Arkansas Minerals Industry
Minerals Industry Report for Arkansas
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In 2007 Arkansas nonfuel raw mineral production was valued at $768 million, based upon annual U.S. Geological Survey (USGS) data. This was a 3.9% decrease from the State’s total value of $799 million in 2006, which followed a $202 million, or nearly 34%, increase from 2005 to 2006. The State was 29th (28th in 2006) in rank among the 50 States in total nonfuel mineral production value in 2007 and accounted for more than 1% of the U.S. total. Yet, per capita, the State ranked 15th in the Nation in its minerals industry’s value of nonfuel mineral production; with a population of slightly more than 2.8 million, the value of production was about $271 per capita in 2007.
In 2007, bromine followed by crushed stone, cement (portland and masonry combined), and construction sand and gravel were Arkansas leading nonfuel minerals by value, these commodities together accounting for nearly 92% of the State’s total nonfuel mineral production value. For nearly four decades, bromine and crushed stone have been the State’s two leading nonfuel minerals, by value, bromine leading in value from 1969 up to 1996 when crushed stone went from second to first. Since then the two have exchanged rank several times; crushed stone was first in 1996–98, 2001–03, and 2005, with bromine back in the lead in the intervening years and significantly in the lead in 2006–07. For more than a decade, cement has ranked third and construction sand and gravel has ranked fourth. Actual production data for bromine and cement have been withheld (company proprietary data).
In 2007, modest increases of between $3 million and $4 million took place in the production values of portland cement, lime, and industrial sand and gravel; common clays value also increased, by $1.2 million. But decreases (in descending order) in the values of crushed stone of $18 million, bromine (data withheld—company proprietary data), construction sand and gravel, down by $7.3 million, and crude gypsum (also proprietary) resulted in an overall decrease in total nonfuel mineral production value for the State. While not significantly affecting the State’s total value, the unit values of tripoli and common clays showed large increases and the value of gemstones showed a substantial increase. Although a modest decrease took place in the production of tripoli, there was an 80% increase in its total value. A slight decrease took place in common clays production, but its value rose by 47%. The value of gemstones rose by 37% (table 1).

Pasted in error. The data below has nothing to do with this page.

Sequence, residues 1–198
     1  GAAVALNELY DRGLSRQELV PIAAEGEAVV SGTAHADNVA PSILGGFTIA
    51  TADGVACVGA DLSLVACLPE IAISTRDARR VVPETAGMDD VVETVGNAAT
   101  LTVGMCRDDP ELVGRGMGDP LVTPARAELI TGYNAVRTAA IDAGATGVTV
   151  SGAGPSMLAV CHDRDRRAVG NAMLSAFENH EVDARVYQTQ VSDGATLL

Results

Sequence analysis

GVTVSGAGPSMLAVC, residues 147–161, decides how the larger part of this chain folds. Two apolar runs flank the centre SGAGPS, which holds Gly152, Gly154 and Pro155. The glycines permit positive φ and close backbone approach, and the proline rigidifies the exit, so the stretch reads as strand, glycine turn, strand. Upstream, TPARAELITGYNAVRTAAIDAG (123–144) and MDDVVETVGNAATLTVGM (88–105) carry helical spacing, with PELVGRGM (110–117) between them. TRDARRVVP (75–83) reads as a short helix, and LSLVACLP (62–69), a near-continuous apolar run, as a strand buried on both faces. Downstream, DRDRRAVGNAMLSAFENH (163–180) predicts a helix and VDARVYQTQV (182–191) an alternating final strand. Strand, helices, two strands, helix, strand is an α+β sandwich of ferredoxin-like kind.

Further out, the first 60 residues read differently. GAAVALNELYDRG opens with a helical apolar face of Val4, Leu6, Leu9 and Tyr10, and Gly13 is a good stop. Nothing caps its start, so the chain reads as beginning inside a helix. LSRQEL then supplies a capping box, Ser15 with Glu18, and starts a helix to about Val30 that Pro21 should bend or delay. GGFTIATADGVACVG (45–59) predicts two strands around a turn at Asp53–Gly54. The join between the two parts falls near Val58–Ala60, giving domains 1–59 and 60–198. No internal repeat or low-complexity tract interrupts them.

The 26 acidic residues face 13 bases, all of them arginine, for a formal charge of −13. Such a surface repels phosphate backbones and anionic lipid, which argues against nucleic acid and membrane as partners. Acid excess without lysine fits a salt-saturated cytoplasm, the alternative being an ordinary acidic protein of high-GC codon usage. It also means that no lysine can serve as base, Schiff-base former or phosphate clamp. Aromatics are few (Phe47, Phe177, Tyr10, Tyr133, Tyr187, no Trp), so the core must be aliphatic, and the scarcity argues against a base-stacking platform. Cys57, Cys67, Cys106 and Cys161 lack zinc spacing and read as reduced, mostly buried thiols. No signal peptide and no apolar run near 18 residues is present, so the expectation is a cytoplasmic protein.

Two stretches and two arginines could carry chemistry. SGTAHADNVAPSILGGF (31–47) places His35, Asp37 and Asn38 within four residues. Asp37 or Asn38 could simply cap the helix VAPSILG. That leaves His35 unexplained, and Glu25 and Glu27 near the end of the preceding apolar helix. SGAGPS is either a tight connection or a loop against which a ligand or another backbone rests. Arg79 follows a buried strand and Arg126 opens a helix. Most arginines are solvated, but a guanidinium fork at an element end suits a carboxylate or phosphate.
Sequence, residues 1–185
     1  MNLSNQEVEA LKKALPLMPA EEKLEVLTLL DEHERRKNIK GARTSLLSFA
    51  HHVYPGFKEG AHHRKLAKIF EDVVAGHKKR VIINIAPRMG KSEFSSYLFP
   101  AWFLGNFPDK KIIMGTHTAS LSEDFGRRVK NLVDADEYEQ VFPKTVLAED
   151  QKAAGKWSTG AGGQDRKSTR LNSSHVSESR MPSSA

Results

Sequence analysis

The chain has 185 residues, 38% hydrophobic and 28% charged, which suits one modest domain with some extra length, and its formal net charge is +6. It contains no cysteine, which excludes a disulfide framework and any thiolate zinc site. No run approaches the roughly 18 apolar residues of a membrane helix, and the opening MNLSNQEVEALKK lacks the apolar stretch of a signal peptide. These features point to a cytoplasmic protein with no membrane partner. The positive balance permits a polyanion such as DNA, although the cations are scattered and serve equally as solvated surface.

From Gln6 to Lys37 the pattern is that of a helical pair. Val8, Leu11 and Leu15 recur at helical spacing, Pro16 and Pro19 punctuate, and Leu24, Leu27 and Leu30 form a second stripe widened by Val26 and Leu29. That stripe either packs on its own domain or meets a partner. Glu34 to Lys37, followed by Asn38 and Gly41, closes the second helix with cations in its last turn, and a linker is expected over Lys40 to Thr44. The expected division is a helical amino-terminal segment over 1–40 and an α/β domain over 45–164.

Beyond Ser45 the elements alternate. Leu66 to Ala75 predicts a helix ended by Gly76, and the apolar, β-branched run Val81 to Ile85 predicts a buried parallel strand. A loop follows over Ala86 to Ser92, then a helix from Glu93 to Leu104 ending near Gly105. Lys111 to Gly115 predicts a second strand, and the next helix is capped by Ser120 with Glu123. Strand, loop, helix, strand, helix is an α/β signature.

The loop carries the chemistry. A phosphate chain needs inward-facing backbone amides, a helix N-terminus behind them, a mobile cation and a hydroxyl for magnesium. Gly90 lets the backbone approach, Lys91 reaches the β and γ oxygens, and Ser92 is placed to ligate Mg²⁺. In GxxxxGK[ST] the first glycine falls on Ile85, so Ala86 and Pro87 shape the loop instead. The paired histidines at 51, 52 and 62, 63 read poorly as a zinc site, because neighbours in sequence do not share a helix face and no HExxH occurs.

In 2007, Arkansas was the Nation’s only State to produce bromine, which was extracted in solution from deep bromine-rich brines from wells located adjacent to oil fi elds in the State. Arkansas continued to be the only State that produced silica stone and it remained third in the quantities of tripoli of four producing States, fi fth in crude gypsum, and fifth in gemstones (gemstones based upon value). The State rose to sixth from seventh in the production of common clays and it decreased to fourth from third in that of kaolin clays. Additionally, signifi cant quantities of crushed stone, portland cement, lime, and industrial sand and gravel were produced in the State. Metals that were produced in the State—for the most part raw steel—were processed from materials acquired from other domestic and foreign sources. The principal steel mills in the State were Quanex Corp. (purchased by Gerdau Ameristeel US, Inc. in November) in Sebastion County, Nucor-Yamato Steel Co. and Nucor Corp. in Mississippi County, and Arkansas Steel Associates in Jackson County. Strategic Minerals Corp., or Stratcor, continued operation of the mill facility at Potash Sulphur Springs in Garland County; the mill extracts vanadium pentoxide from recycled out-of-State vanadium-bearing feed.